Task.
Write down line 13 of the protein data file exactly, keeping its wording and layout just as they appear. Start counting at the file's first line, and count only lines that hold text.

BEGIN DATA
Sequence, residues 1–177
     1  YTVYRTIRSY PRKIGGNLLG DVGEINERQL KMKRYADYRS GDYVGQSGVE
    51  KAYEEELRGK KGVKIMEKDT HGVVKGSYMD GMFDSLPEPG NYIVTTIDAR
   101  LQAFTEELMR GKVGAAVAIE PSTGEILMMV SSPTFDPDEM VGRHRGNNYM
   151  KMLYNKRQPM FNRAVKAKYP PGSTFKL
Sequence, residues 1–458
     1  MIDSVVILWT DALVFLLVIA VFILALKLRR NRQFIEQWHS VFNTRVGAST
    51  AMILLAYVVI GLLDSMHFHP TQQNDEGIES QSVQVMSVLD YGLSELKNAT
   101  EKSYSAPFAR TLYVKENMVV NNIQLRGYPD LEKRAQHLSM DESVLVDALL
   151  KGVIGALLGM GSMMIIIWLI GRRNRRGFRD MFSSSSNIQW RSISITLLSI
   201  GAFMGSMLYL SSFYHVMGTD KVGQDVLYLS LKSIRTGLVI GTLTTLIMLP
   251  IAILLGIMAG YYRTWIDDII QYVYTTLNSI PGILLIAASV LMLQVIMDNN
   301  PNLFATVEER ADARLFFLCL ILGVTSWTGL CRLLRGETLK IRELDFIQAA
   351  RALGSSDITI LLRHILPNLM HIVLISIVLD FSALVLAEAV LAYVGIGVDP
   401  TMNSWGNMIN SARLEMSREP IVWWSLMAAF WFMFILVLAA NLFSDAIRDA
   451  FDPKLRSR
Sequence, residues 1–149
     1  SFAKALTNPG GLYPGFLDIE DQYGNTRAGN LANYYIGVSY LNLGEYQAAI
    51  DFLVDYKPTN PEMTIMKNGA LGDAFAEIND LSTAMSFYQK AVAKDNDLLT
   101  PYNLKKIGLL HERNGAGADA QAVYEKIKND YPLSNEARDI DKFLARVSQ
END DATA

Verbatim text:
   301  PNLFATVEER ADARLFFLCL ILGVTSWTGL CRLLRGETLK IRELDFIQAA